– Genesis 1:26
Scripture makes it clear that each and every person is made in the image and likeness of God. This radical claim is the source of our belief in the inherent and inviolable dignity of the human person. The dignity of the human person is the cornerstone of all Catholic social teaching.
Being made in God’s image, we are all God’s children. This is true no matter where we are born and no matter what our economic or social status. As you read this, there are seven billion living and breathing unique images of God on the face of the Earth. You are one of them.
Because it comes from God, human dignity is not something that we can bestow or take away from another person. It is intrinsic to our existence. What we can do is enter into relationships that respect our mutual human dignity. When respect for human dignity forms the basis of our relationships, God’s divine nature shines forth in a true communion of persons.
Too often we fail to do this. Too often we de-humanize our brothers and sisters or shut our ears when they cry out. Failure to recognize the human dignity of each and every person opens the door to all manner of violence and injustice. But how can we truly make human dignity the cornerstone of our relationships?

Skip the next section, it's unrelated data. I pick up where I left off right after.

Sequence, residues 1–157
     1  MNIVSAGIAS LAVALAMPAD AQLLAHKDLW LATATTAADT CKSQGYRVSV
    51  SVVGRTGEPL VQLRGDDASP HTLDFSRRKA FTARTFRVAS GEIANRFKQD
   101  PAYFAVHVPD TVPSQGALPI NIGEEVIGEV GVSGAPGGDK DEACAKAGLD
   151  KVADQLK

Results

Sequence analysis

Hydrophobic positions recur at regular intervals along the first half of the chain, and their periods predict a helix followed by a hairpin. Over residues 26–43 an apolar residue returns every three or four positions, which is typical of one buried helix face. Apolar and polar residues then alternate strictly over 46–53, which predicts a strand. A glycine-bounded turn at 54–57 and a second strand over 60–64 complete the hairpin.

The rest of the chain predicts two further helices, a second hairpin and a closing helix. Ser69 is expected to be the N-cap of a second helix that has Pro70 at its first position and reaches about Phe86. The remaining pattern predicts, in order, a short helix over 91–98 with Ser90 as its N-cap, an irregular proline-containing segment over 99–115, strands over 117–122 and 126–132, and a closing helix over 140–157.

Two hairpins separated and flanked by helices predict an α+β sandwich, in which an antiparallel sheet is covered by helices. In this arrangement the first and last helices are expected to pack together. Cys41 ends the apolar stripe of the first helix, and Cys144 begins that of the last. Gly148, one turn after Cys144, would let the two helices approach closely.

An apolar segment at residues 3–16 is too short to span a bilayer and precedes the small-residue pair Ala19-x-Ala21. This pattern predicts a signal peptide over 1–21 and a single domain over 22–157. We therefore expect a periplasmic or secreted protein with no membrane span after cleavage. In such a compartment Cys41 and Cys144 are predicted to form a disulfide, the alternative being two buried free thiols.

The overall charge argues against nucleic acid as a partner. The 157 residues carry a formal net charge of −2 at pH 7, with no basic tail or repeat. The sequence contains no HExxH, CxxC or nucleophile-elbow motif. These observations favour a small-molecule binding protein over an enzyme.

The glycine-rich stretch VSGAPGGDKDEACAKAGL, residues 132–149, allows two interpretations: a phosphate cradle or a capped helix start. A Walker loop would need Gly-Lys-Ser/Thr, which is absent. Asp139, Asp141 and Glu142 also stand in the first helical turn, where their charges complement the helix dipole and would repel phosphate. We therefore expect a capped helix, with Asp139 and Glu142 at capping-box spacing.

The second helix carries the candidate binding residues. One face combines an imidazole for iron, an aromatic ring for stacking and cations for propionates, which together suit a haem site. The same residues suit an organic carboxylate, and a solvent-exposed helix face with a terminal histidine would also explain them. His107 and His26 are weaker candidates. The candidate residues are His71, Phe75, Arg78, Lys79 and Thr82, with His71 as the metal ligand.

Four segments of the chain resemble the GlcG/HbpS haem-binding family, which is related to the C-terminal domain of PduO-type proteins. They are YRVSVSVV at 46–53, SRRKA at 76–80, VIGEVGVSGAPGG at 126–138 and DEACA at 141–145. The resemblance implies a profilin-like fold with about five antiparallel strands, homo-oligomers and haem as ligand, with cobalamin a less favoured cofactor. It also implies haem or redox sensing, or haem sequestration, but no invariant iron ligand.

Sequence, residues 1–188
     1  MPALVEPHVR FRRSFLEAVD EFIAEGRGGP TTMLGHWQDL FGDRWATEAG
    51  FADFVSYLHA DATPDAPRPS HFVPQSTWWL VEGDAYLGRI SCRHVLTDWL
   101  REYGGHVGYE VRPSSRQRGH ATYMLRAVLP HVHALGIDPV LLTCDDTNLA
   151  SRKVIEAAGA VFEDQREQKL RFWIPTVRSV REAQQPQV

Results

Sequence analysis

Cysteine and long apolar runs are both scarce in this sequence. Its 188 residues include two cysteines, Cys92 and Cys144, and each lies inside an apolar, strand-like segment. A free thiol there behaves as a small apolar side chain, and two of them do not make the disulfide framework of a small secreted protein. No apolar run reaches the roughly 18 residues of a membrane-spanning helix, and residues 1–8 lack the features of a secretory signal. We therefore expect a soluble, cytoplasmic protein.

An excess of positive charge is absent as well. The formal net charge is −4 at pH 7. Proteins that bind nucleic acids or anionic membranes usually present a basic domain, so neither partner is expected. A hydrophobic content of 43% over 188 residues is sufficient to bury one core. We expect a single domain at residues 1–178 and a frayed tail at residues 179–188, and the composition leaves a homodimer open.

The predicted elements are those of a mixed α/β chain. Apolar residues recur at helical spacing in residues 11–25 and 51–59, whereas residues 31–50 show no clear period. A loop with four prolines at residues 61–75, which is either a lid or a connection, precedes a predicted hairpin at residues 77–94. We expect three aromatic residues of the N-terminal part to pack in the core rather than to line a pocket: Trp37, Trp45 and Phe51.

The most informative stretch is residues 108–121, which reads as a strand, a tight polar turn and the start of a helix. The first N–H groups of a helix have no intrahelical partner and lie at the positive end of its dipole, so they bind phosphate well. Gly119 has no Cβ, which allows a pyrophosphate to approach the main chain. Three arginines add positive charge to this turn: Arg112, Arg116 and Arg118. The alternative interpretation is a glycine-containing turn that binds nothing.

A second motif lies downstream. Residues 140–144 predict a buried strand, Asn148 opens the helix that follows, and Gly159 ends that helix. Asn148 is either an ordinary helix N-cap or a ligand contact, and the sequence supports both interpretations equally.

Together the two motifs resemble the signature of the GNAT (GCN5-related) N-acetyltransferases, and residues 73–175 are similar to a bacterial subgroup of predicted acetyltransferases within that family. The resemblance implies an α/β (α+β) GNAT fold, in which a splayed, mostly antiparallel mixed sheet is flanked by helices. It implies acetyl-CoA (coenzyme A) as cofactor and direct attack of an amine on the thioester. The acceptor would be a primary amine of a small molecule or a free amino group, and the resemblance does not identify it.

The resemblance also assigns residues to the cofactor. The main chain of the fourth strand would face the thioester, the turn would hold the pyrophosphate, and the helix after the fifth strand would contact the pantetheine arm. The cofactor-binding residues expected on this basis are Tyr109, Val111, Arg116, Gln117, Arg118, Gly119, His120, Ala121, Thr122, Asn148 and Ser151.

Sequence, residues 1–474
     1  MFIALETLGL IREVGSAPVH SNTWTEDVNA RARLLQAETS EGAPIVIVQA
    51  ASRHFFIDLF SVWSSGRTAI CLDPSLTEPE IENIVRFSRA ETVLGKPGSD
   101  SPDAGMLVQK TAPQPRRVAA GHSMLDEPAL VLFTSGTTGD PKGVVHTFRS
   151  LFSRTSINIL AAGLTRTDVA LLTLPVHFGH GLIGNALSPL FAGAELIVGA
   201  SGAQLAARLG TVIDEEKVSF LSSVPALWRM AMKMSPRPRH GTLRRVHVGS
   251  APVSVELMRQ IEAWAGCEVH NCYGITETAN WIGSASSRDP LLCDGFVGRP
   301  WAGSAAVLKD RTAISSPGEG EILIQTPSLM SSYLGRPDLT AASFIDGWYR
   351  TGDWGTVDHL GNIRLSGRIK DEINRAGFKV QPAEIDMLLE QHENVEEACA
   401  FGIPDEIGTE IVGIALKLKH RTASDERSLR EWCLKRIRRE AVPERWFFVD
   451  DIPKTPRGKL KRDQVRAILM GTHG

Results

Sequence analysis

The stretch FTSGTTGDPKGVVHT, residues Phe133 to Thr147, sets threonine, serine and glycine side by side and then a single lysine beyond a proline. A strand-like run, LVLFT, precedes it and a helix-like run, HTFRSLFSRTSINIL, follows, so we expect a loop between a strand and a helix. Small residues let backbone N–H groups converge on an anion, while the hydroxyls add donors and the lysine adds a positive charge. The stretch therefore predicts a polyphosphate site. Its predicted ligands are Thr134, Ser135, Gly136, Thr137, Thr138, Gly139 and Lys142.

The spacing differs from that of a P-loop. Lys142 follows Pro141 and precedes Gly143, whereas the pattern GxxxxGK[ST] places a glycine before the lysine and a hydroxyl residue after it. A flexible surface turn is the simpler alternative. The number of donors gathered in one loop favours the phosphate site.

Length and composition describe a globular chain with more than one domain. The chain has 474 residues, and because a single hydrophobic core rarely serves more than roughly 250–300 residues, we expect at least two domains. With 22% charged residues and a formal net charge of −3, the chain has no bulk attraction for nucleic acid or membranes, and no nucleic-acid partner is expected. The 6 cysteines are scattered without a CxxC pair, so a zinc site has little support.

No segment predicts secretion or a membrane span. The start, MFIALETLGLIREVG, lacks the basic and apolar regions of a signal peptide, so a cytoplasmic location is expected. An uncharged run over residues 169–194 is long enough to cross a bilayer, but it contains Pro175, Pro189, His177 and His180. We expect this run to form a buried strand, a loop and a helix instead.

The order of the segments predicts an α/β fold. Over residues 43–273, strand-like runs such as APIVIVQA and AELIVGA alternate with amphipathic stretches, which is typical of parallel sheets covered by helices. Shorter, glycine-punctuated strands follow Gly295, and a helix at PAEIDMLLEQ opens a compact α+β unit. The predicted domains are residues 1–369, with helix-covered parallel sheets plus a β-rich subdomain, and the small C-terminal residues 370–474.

This question is especially pertinent when we reflect on our relationships with people we may never meet; people who suffer in the far corners of the world and whose names we do not know. Although we may never meet, we still share the same planet and its gifts. These gifts are not simply for our own personal use but are entrusted to us by God for the flourishing of our human family. We are increasingly aware that our actions in one part of the world can affect people who live far away from us. We are interconnected. We are in relationship with all seven billion of God’s children.
– Catechism of the Catholic Church, 357
Catholic social teaching can serve as the guidepost that helps us to enter into relationships that respect human dignity. Solidarity, the option for the poor, care for creation, economic justice, and the common good are examples of values that are vital to any society built upon the dignity of the human person.
At Development and Peace, Catholic social teaching guides our relationship with the world. We are not patrons to the poor. We are partners with them. This partnership is rooted in the recognition of our common human dignity. To recognize the human dignity of the poor as equal to our own requires us to respect their freedom. This freedom includes their right to choose what development means for them. The poor must always be seen as subjects and not objects of development.
Development and Peace enters into relationship with groups of men and women who have a vision for their own development and of their liberation from poverty and injustice. Through your generous support, we are able to call them partners. It is an honour to join them in their work.